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  • Book Objects, Archives, and Ritual Repertoires in Colonial New England
  • Peter P. Reed
Hall, David D. Ways of Writing: The Practice and Politics of Text-Making in Seventeenth-Century New England. Philadelphia: University of Pennsylvania Press, 2008. ISBN 978-0-8122-4102-0. 248 pages. $49.95.
Brown, Matthew P. The Pilgrim and the Bee: Reading Rituals and Book Culture in Early New England. Philadelphia: University of Pennsylvania Press, 2008. ISBN 978-0-8122-4015-3. 288 pages. $65.00.

In these two offerings from the University of Pennsylvania Press's "Material Texts" series, scholars of the early American book explore the connections between material objects and performed culture. While taking distinct interpretative turns, Hall and Brown both attend to the solidity of codices and the disappearing acts that produce and surround those texts. Ways of Writing and The Pilgrim and the Bee both entangle colonial New England book objects within processes of production, collaboration, revision, reception, and ritual repetition. In one sense, this perspective builds incrementally on the carefully descriptive book history emerging from the early American archive. In another sense, these studies both represent meaningful moves away from treating book objects as static, self-contained, and self-evident artifacts.

Hall and Brown agree on some basic assumptions. The physical presence of texts—form, format, construction—remains central, even as both studies openly headline their attention to "practices", "politics", "text-making", "reading rituals", and "book culture". Early American texts, they agree, operated within vernacular, protestant, and Atlantic landscapes of durable texts and persistent rituals. The two studies also concur that divergent forms of texts coexisted—printing appeared alongside scribally published texts, as Hall argues, and performance culture, as Brown shows. For both authors, texts appear as contingent phenomena, always emerging in varying practices and rituals, shaped by and influencing political interactions.

These two books part ways, however, in some fundamental aspects. As [End Page 148] his title implies, Hall focuses primarily on textual production rather than reception. Ways of Writing explores the material possibilities of textual productions; scribal publication, for example, appears as a valuable alternative mode of textual production. Manuscript form (characterizing a significant proportion of early American texts) does not signal the failure of publication, Hall argues persuasively. Instead, such examples of non-printing still had their utility and their publics. In addition, Hall contends, collaborative and frequently transatlantic modes of social authorship produced those texts. Deferred and multiple authorship remade texts such as manuscript poems and spoken sermons (via handwritten notes) into printed books. Hall's study moves from broad-ranging discussions of practices to case studies, integrating specialized knowledge with renewed attention to some of the more frequently discussed early American literary figures like John Winthrop, Anne Bradstreet, and Edward Taylor.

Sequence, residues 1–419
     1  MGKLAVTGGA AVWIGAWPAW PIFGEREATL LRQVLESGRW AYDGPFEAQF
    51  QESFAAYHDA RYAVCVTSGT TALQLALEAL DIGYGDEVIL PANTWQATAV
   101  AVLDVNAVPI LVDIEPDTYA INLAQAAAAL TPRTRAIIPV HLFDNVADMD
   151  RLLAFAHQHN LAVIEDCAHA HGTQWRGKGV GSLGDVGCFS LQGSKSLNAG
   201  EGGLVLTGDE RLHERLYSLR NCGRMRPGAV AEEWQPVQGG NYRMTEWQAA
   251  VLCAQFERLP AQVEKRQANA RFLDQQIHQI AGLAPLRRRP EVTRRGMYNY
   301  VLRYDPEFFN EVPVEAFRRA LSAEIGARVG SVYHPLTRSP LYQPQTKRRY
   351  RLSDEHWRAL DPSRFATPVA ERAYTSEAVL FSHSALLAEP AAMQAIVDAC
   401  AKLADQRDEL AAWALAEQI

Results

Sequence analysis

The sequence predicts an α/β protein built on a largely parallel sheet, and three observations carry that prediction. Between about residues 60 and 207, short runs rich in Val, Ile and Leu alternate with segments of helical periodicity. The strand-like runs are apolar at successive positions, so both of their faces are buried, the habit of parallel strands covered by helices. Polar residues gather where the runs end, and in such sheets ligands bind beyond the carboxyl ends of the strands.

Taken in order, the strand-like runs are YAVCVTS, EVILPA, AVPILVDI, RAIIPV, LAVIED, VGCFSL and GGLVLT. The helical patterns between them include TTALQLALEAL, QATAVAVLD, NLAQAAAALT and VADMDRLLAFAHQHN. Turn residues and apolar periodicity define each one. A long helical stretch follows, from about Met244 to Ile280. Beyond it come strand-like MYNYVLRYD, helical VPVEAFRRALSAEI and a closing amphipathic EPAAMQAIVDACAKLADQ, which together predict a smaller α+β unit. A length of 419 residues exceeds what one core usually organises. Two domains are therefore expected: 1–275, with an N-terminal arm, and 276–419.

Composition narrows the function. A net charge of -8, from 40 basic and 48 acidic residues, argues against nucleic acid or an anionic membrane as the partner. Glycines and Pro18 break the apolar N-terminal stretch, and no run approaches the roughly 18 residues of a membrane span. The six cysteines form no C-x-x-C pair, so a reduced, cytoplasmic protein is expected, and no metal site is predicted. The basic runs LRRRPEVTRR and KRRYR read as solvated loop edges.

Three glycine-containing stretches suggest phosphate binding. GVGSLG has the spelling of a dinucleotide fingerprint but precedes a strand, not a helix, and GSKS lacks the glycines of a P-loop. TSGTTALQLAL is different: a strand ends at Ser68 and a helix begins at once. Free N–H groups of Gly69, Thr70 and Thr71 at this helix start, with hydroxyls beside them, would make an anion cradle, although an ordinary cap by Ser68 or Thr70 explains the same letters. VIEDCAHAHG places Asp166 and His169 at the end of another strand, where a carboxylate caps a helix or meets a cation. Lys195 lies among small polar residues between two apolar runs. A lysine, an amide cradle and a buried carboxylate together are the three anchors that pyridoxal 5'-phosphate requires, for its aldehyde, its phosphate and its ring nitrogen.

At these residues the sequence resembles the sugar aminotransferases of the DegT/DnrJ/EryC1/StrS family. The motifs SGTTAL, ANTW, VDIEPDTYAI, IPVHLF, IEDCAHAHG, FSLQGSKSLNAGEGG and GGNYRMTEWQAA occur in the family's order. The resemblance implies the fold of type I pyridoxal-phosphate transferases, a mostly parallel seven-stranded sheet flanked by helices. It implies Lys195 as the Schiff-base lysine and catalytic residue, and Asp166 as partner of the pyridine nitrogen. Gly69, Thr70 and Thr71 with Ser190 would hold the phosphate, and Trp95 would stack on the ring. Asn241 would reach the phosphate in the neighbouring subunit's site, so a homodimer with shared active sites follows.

Turning from his notable scholarship on the importance of the oft-read devotional "steady seller" texts, Hall focuses on the text in and as crisis. Ways of Writing reads local property disputes, the Antinomian Crisis of the 1630s and 1640s, and intra-imperial negotiations as fields of conflict characterized by the production, distribution, and suppression of material texts. The focus on crisis and conflict provides a useful emphasis on the complexities of textual production and transmission. At the same time, Hall's staging of the book object's apparent contradictions and problems relies for effect on a certain orthodox sense of book objects as static products of intentional and authoritative processes. The hybridity, for example, that characterizes Hall's socially authored texts at times seems a problem of textual analysis rather than a constitutive element of the Atlantic book culture. Likewise, the deferral of authority that arguably permeates Anglo-Atlantic protestant and colonial culture frequently seems instead a deficiency of early American textuality.

Brown's study takes textual conflict and contingency in stride, attending to the subtle tidal forces of vernacular culture and transcultural contact. His analysis avoids monumental moments of crisis and conflict, attending instead to ritual, repetition, and convention. Brown's book objects circulate within gift and market economies, operating in ritual performances of fast days and mourning. Translating the Puritan notion of heart piety into the performative and materialist categories of "eye piety" and "hand piety" (treated in detail in chapter...


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pp. 148-150
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